Day 1: Maintain a friendship with your childhood friend, despite the fact that you no longer live in the same state. Tell her you love her like family and that she is like a sister to you.
Day 2: Like friends do, share your secrets and fears. At the moment, because you are both approaching 40, talk about your frustrations about not being married and wanting to start a family. Talk about how the lack of prospects has led you both to rekindle and revisit past loves.
Day 3: Listen intently as your friend talks about her man problems. She is hopeful. There are two men she is interested in, both out of the state, one from high school the other from college. You remember the one from high school. She seems most excited about him. Plans to go visit him soon.
Day 4: Listen to your friend tell you about how much she likes the high school crush and is focusing all of her energy on him. When she visited they reconnected. They laughed. They made love. They made plans to see each other again. She is hopeful.
Day 5: (Be)friend your friend’s high school-turned grown woman love interest on facebook.
Day 6: Flirt with your friend’s high school-turned grown woman love interest on facebook (Ish, they are not “together.”)
Day 7: With the support of your friend, make plans to visit your own lost love, who just so happens to live in the same city and state as hers.
Day 8: When your plans with your long-lost fall through, call your friend’s crush and invite him for drinks. Utilize information you are privy to about your homegirl (and conversations she has had with him) to convince him that she is untrustworthy. Tell him that she is also dealing with someone in another state that she knows from college. Tell him all of the things you know about their interactions together. Don’t tell your friend.
Day 9: When confronted by your friend about reaching out to someone she is interested in (he tells her before you do), don’t apologize or recognize your bad judgment, instead get defensive and say hurtful things to her to try to make her feel undesirable.
Day 10: Call your friend, tell her that the man she has recently slept with and was interested in doesn’t want to be with her, he wants to be with you. Let her know that you are planning to move to his state so that the two of you can be together. Then ask her if, after some time passes, can you still be friends?
#truestory. Not mine, but my homegirl’s.
When she told me about her friend’s betrayal I was partially speechless. I wondered if her friend knew the code, friends don’t hook up with friends’ exes… especially when they know their friend still likes them. Where they do that at?
But when I asked heterosexual black women their opinion about man-stealing, there were varying views. Most people said that it depended on the circumstances. For example, how long they had been together? How serious was the relationship? Was she in love? Some people think that if enough time has passed between one relationship and the next, then it shouldn’t matter. Still others say that if a man is interested in someone else, who happens to be your friend, and they fall in love—who are you to stand in the way? Other people think it is about age. They said it is easy to have the “I saw him first” rule when you are 16, but as we get older, and the pool of eligible and dateable black men diminishes, you have to get in where you fit in.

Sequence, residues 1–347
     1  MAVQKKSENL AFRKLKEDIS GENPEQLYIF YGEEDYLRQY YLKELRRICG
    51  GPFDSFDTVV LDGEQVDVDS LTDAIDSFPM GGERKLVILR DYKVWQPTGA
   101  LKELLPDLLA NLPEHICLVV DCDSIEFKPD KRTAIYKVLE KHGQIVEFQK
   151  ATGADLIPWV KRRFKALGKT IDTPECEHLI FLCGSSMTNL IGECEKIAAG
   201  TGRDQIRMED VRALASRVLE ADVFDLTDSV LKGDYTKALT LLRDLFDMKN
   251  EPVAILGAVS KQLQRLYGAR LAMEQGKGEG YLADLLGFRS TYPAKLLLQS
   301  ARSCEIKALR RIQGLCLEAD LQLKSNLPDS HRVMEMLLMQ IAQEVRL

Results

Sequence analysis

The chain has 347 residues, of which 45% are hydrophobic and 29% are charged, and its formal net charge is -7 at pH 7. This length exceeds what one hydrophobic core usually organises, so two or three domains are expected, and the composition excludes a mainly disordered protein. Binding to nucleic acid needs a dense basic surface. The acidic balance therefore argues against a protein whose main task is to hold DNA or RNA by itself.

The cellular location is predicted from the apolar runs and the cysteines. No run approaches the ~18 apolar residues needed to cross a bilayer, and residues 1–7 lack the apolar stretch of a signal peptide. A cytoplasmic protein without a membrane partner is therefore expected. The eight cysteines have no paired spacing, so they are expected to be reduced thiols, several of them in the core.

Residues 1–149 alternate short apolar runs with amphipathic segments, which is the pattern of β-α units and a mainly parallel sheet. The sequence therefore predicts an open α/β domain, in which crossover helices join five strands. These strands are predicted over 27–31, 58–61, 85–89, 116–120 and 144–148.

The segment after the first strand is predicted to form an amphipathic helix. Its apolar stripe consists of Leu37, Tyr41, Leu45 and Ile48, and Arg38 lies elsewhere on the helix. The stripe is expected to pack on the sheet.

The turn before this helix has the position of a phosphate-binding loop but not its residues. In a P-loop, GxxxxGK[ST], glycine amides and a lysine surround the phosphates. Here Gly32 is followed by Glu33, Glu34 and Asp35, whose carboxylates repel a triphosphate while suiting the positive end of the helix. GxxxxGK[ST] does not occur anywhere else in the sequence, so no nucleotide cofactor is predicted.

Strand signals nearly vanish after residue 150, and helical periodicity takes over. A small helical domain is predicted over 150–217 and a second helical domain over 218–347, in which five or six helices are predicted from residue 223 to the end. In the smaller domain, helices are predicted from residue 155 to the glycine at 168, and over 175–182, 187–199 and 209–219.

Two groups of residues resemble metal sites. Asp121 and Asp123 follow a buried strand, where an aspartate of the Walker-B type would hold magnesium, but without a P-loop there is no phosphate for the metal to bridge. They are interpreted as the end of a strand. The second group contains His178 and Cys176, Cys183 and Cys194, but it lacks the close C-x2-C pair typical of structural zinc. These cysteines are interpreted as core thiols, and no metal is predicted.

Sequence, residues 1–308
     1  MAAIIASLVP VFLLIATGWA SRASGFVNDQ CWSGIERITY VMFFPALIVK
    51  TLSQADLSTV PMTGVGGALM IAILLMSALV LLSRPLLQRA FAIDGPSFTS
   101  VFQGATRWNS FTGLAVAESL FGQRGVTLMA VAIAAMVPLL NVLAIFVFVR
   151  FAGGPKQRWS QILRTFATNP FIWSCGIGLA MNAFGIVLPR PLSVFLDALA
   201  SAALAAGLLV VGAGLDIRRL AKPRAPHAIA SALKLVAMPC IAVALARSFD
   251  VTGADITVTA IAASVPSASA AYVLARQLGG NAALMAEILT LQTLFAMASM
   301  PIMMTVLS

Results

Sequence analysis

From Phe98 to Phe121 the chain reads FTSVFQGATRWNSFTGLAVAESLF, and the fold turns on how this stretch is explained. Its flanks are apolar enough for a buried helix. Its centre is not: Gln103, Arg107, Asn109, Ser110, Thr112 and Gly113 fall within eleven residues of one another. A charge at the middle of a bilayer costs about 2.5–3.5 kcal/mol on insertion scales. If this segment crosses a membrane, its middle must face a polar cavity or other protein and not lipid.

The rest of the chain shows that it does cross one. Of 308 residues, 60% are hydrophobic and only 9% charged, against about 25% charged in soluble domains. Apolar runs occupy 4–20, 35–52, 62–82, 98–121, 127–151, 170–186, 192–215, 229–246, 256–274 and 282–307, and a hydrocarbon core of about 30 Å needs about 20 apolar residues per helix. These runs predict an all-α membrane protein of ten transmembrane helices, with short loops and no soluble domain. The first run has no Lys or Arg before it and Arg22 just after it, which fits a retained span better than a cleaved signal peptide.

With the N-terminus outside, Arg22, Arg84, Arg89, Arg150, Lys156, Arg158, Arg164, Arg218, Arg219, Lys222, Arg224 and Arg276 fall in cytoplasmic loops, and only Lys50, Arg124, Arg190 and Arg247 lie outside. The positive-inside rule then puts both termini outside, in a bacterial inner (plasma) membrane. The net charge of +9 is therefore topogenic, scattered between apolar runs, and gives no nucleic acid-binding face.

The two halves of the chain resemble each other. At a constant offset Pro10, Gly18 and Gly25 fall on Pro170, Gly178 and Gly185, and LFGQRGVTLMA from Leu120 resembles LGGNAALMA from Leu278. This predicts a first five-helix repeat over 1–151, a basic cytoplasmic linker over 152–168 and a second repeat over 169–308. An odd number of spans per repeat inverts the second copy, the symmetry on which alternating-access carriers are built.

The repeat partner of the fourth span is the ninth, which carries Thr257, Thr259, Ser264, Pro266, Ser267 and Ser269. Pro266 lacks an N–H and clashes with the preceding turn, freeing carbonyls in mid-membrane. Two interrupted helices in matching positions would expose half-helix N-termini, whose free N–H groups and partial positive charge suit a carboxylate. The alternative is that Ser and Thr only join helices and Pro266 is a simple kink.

Luckily, for me and my friends, we are never attracted to the same (kind of) man, so it has never been a problem. And being that many of my friends, and I, are so visually and fundamentally different—we don’t tend to attract the same (kind of) men or be interested in the same (kind of) men… But I like to think that if there was a man that I was interested in, that my homegirl saw first, had first, etc., that would be a dealbreaker for me. I like to think that I would choose my friendship.
Yet, I don’t know how to judge women who approach dating like crabs in a barrel. I get it. Regrettably I have been a crab in the past—judging, scratching, and clawing my way to a man on the neck of another woman. I never saw it as that but as my homegirl described her former friend’s ambitions for a man at her expense, I thought about the women I may have (knowing and/or unknowingly) disrespected or disregarded for a chance at love. Granted, it has never been a friend of mine, but it has been a woman, who, no different from my homegirl may have saw or loved him first.
What is the new standard? Can we reverse the misogynistic male rapper mantra of the 90s, M.O.B. (Money over Bitches) which seemed to make it sensible, for men, to never choose a woman over a friend (though, of course, these were the same men who “shared” women…”ain’t no fun if the homies can’t have none”) to a new millenium B.O.M. (Blackwomen over Men, by the way, not bitches over money) stance? What do you think?